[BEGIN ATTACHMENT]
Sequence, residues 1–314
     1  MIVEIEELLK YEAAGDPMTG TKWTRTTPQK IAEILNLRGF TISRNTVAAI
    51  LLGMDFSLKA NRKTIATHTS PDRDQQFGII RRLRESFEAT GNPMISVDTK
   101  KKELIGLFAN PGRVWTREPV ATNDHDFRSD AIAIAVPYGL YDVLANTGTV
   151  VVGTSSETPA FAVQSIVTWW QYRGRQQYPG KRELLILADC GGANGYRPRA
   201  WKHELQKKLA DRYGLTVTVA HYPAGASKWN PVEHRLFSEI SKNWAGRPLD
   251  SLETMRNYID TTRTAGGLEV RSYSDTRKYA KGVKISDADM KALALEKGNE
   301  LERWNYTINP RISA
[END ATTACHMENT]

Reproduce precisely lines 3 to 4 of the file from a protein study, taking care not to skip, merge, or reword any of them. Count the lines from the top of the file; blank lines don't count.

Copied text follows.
    51  LLGMDFSLKA NRKTIATHTS PDRDQQFGII RRLRESFEAT GNPMISVDTK
   101  KKELIGLFAN PGRVWTREPV ATNDHDFRSD AIAIAVPYGL YDVLANTGTV